The Canadian Drug Expert Committee of the Canadian Agency for Drugs and Technologies in Health recommended in its new report that Canada's taxpayers pay for abortion drugs mifepristone and misoprostol. Photo/Pixabay

Abortion drugs should be publicly funded, report recommends

  • April 26, 2017

OTTAWA – A public agency has recommended that Canada’s taxpayers foot the bill for the abortion drugs mifepristone and misoprostol.

The Canadian Drug Expert Committee of the Canadian Agency for Drugs and Technologies in Health (CADTH) released its recommendation April 18 and it will now be up to the provinces to decide whether to cover the costs under their health plans. The drugs, taken in combination under the name Mifegymiso, cost $300, according to the report.

Campaign Life Coalition has been warning people about the effects of abortion drugs, formerly known as RU-486, since the late 1990s.

“We are not surprised, but we remain very disappointed,” said Johanne Brownrigg, in charge of government relations at Campaign Life’s Ottawa office. “There isn’t a province in the country whose health care system is not under tremendous pressure to deliver health care. Funding this drug just takes that money away from real health care needs.”

The CADTH review bases its conclusions on studies that showed the drugs result in successful abortions 95-97 per cent of the time. Mifegymiso was approved by Health Canada in 2015 after it had already been introduced in dozens of other countries.

Brownrigg noted the duration of the CADTH studies was less than six weeks.

“It’s disheartening that a study that was shorter than six weeks is going to be the basis for a seismic shift in abortion delivery in Canada,” she said.

New Brunswick and Alberta plant to offer the drug at no charge.

The CADTH report reveals almost all women in studies aged 14 years old and up seeking an abortion experienced adverse effects such as nausea, vomiting, diarrhea and thermoregulatory symptoms, but these are known side effects of prostaglandins, it says. No deaths or withdrawals were reported, but in one study, 11 per cent of the women experience extreme adverse events including “heavy bleeding, fainting and lower abdominal pain requiring hospitalization and dilation and curettage.”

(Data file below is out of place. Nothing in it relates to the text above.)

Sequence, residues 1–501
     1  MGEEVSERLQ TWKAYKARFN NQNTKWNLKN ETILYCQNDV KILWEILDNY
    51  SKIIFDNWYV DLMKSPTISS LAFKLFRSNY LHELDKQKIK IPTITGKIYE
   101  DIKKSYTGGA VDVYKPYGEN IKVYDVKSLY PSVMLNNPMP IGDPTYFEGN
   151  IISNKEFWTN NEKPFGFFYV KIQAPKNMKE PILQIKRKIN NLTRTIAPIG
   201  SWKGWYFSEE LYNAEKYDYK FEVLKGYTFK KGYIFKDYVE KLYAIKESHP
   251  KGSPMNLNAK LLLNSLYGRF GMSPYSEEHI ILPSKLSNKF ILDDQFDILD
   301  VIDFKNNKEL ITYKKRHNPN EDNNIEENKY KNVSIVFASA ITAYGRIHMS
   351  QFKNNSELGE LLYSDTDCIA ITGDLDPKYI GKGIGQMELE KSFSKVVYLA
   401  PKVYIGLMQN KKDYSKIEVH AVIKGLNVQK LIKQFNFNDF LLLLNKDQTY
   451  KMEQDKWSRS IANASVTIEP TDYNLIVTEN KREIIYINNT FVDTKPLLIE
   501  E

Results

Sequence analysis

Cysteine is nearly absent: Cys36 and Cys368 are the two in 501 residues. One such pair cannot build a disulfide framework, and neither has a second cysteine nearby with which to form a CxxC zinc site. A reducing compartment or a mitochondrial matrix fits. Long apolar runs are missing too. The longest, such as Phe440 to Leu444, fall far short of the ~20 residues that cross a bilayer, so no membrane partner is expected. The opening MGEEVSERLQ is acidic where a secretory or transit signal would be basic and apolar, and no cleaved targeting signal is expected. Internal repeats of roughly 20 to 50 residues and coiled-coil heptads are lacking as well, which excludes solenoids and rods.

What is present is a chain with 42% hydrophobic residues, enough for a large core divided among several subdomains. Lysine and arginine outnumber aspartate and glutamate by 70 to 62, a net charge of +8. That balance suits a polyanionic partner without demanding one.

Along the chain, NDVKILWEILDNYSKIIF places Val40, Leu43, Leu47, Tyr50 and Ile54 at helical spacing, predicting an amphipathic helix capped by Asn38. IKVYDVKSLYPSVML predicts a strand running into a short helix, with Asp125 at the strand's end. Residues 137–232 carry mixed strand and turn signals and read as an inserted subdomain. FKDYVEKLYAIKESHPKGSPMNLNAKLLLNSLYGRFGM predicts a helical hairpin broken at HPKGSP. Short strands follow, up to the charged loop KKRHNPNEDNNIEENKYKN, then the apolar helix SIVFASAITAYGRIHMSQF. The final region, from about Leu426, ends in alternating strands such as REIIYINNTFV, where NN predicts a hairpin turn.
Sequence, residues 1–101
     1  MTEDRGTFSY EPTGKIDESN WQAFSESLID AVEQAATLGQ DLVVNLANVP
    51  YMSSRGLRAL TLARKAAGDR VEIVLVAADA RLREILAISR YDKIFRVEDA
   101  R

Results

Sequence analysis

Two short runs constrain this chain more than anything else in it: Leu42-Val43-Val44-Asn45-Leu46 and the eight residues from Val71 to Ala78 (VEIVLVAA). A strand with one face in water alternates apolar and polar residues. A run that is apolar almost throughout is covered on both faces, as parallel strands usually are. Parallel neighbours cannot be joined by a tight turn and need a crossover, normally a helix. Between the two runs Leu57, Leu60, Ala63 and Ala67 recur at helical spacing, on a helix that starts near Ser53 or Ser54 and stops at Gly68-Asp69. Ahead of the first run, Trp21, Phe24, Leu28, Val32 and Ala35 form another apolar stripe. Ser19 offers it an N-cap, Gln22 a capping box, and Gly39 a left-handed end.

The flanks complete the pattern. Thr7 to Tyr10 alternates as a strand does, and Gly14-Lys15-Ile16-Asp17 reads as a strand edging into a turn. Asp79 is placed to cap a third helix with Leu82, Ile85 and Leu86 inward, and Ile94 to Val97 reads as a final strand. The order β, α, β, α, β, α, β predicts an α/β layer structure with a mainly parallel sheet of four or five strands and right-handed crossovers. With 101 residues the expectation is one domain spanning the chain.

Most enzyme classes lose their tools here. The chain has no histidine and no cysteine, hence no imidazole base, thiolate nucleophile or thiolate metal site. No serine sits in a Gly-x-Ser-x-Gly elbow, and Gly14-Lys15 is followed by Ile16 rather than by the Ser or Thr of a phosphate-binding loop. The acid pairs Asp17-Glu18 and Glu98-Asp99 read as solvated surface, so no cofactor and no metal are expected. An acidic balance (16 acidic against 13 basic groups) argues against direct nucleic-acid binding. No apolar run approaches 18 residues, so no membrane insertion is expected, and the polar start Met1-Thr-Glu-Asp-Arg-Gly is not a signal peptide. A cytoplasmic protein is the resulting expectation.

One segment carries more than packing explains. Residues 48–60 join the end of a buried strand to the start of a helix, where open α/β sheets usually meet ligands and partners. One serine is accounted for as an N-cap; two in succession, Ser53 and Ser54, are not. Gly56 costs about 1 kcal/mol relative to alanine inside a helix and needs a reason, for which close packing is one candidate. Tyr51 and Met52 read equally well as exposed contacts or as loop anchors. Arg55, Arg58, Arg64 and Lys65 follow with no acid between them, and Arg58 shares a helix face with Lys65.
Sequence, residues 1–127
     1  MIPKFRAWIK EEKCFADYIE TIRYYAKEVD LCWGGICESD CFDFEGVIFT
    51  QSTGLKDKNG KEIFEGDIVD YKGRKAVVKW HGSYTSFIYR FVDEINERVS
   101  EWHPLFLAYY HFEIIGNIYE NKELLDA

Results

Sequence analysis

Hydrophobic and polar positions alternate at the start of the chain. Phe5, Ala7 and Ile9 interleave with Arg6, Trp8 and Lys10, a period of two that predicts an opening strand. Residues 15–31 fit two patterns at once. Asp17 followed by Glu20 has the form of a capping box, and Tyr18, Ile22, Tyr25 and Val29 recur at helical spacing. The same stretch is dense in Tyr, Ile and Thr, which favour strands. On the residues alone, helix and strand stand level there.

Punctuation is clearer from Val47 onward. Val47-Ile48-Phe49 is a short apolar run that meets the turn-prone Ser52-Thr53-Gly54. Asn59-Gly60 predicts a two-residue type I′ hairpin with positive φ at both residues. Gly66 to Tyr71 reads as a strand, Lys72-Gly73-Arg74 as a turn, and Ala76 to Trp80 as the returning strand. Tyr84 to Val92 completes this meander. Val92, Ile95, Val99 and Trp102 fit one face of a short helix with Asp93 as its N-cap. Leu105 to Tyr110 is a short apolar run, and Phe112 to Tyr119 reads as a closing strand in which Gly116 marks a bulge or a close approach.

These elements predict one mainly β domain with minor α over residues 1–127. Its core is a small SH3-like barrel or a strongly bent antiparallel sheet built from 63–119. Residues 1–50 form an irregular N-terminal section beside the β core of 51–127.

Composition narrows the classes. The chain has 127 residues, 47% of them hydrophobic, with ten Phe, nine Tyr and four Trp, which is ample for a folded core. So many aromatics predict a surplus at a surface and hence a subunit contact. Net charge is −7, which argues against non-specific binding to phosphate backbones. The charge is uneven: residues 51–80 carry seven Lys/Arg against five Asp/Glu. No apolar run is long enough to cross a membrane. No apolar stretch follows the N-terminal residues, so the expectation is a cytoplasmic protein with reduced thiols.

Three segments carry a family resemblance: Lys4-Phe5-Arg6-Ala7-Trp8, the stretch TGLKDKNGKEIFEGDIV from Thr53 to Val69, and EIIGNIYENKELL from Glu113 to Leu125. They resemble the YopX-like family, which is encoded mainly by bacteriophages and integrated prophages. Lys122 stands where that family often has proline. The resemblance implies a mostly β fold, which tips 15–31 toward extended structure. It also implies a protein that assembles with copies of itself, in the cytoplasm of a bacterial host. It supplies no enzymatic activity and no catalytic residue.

The study showed, however, the cost of a chemical abortion is actually higher — by almost $80 — than the cost of a surgical abortion by a vacuum aspirator in a clinic, though about $400 less expensive than an abortion in a hospital.

The abortion drug is approved for use and available in some places in Canada, including Ontario.

Health Canada is “trying to maintain the highest standard,” she said, and its monograph says the abortion drugs should only be dispensed by physicians at their offices. But the monograph is not legally binding, she said, and there is pressure from pro-abortion groups to make the drugs available through pharmacies.

A uterine, rather than an ectopic, pregnancy must be confirmed, and there must be follow up visits to a doctor, Brownrigg said. “The idea this is a panacea for rural and remote women who have a crisis pregnancy is a lie.”

Campaign Life Coalition Youth has released a video campaign on social media under the hashtags #RU-486 and #RU-CRAZY to raise awareness of the dangers of the abortion drugs. Marie-Claire Bissonnette, coordinator of Campaign Coalition Youth, is also giving talks on the subject. Campaign Life has fought against the abortion drugs since 1996, and made the 2014 National March for Life theme RU-4-LIFE, Bissonnette said.

They have posted a series of short videos that deal with specific aspects of the drug and its potential harms, she said.

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